Meta Tags Optimization
January 22, 2005
You still hear about meta tags, although their importance has decreased in recent years. What are they, should you bother with them, and if so, how do you create them?
Metatag Author Tutorial
Metatags are special tags added to the top of a web page (in the “head” section) in order to describe overall information about the page. There are many of them, with many different purposes — some describe how the page should be cached, when it expires, what language the page is in, who the author is, etc.
When discussing search engine optimization, the two meta tags that are usually spoken of are the “keywords” metatag, and the “description” metatag.
These tags were once important, as they were used by formerly popular search engines to determine the proper keywords for the page, and the description to display.
Today, they don’t matter much — search engines are more sophisticated, determining keywords from the page itself — on good days, with well written and structured pages. Descriptions are formed on the fly by taking the words around the keyword match, or other words that look relevant to the search engine.
In fact, some suggest that the thing most leading search engines are likely to do with the keywords metatag is to determine what keywords the author may have over-optimized the page for, in order to “penalize” the page in the results.
So should you bother messing with them?
Search engines change their ways all the time. Popular search engines can be replaced by newer and better ones. Since the keyword and description metatags have historically been part of the page, and people still use them, we might see them again become a factor (probably a small factor) in search results.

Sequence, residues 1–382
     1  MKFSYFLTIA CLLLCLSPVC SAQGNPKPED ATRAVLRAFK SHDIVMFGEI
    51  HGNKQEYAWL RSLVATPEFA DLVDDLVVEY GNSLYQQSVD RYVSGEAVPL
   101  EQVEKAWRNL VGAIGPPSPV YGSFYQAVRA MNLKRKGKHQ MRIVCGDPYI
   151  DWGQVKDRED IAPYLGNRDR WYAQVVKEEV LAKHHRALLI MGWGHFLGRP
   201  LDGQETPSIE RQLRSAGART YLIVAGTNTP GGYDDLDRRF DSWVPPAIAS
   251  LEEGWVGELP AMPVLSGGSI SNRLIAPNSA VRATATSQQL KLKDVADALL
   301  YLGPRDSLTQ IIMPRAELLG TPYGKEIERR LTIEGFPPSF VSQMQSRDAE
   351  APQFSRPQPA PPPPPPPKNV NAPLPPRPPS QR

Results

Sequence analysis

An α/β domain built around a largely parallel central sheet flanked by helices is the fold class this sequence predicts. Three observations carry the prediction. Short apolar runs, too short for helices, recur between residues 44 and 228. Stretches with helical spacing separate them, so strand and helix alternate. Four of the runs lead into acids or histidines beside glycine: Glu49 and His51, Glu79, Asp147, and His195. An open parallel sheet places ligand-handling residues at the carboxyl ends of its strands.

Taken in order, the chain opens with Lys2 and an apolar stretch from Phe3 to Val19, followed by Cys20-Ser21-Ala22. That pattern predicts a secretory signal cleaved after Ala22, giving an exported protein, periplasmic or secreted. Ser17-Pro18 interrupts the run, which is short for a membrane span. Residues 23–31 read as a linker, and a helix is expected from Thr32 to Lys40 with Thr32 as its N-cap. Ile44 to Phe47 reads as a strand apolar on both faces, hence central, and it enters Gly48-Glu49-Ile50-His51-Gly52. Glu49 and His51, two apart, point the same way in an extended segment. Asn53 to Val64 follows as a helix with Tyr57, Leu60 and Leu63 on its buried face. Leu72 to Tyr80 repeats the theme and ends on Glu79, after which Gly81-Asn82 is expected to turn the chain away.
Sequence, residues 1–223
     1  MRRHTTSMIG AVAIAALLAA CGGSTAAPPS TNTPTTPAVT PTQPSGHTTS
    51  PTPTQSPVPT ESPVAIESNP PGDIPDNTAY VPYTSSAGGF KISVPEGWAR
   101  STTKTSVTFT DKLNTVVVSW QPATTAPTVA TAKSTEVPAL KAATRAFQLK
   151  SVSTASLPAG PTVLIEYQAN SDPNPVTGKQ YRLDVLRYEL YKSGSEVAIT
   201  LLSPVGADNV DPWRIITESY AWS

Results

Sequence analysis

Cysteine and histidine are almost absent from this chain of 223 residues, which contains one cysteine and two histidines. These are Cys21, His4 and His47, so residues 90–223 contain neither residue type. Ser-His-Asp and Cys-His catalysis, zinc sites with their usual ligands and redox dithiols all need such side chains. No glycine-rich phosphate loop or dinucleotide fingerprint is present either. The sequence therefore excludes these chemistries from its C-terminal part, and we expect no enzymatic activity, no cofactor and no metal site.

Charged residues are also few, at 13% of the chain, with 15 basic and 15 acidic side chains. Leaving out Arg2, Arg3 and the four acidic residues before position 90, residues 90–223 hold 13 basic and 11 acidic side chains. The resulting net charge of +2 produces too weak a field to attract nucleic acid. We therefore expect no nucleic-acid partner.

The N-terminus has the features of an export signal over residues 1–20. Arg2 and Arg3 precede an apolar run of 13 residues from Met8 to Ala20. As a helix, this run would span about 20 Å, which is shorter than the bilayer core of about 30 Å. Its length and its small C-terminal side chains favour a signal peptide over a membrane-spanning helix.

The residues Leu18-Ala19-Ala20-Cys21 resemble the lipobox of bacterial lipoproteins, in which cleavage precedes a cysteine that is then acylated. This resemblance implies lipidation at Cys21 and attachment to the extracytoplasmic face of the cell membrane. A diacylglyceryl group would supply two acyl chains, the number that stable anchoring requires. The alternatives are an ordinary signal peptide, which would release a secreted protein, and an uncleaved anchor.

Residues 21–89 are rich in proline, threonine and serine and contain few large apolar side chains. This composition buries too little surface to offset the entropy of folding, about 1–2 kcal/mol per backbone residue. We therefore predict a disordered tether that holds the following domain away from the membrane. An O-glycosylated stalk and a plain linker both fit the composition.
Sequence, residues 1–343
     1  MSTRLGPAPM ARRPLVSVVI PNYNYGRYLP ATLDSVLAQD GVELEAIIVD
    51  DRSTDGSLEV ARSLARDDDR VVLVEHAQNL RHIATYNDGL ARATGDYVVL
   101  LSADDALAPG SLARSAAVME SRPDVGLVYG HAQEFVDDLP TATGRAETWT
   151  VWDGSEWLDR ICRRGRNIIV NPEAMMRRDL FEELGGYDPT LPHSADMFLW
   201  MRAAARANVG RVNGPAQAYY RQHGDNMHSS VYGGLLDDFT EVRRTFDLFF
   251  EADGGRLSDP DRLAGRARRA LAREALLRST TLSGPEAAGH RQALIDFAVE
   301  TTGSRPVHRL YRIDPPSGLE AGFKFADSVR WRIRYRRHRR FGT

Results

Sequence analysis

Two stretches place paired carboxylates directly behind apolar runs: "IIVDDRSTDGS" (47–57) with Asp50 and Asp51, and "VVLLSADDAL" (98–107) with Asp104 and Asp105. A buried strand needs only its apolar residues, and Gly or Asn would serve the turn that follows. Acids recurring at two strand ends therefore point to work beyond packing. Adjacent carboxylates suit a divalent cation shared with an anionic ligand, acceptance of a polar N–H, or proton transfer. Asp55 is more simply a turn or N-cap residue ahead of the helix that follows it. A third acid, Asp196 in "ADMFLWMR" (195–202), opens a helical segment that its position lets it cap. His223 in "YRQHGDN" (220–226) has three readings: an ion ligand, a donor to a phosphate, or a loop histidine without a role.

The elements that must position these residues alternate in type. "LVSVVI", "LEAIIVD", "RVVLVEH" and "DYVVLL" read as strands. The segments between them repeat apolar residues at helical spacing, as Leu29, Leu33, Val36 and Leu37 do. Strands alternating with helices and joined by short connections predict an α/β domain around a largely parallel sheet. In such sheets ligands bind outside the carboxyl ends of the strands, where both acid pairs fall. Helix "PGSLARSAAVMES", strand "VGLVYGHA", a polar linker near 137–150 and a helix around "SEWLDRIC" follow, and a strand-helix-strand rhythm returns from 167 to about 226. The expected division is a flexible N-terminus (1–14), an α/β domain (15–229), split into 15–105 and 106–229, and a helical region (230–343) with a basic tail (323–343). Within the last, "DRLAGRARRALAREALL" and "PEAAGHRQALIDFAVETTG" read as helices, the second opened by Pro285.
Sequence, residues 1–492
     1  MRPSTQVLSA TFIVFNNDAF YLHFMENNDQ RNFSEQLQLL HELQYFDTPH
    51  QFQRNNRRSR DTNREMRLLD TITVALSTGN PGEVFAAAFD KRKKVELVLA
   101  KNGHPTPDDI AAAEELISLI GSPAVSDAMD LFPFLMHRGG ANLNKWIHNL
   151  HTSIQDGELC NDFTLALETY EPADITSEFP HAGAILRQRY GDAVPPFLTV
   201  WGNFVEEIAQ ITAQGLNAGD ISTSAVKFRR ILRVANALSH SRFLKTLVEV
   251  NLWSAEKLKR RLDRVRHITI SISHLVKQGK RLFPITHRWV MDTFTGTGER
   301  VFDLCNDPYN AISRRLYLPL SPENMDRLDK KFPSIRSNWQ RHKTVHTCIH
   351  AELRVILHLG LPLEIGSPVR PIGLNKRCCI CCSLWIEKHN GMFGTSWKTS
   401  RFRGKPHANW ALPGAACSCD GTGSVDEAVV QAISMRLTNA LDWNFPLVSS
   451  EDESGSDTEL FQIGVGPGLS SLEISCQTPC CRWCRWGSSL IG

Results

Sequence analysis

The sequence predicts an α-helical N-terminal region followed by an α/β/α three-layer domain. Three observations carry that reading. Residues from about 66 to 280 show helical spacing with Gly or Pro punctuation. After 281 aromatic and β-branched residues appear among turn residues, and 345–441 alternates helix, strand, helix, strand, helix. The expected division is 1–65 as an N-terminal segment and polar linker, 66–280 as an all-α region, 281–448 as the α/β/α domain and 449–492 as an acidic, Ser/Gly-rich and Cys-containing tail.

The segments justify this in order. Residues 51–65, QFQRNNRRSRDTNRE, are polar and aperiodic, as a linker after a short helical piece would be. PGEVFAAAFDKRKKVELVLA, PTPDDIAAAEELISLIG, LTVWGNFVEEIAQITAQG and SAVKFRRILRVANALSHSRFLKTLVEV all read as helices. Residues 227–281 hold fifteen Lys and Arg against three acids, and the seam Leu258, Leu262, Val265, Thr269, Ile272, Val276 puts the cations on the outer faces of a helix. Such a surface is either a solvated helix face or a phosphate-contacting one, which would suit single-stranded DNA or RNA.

Additionally, some of the older, smaller engines still send the occasional dribble of traffic — if one of them is willing to use your description, then so much the better.
It only takes a minute of your time to add them, so why not?
Meta tags optimization
My process for authoring content pages goes something like this:
- Decide on my topic.
- Pick the keywords that I want to target relative to my topic.
- Write my content, bearing those keywords in mind.
- Use the keywords in structural elements of the page.
- Use the keywords in the body of the content.
- Write a description for the page and put it in the description metatag.
- Add my keywords to the keywords metatag.
- Double check that the keywords you are entering are actually in the body of the content, to avoid possible penalties.
- Never use a word more than three times.
Just how you do those last two steps will depend on how you’re authoring your content.
If you are using a weblog or other content management system (CMS), there is probably a place for you to enter your meta tag information when writing your page (this may be built-in, or a “plug-in” that handles this).
If you are using a web authoring program that has a “wysiwyg” view, there is probably a page property dialog that will allow you to enter the information.
If you’re writing HTML, then you write them like this:
<meta name=“keywords” content=“My brief description of my page. ” />
<meta name=“description” content=“keyword one, keyword two, keyword three” />
Note that the keywords are separated by a comma and a space, and both tags go between the <head> and </head> tags.
Site Wide Meta Tags
Some software allows you to enter tags to be used across the entire site. If your CMS or weblog software includes this feature, should you use it?
Remember that search engines don’t find web sites — they find web pages.
Focus your optimization efforts on specific pages of your site, and you will be better rewarded down the road.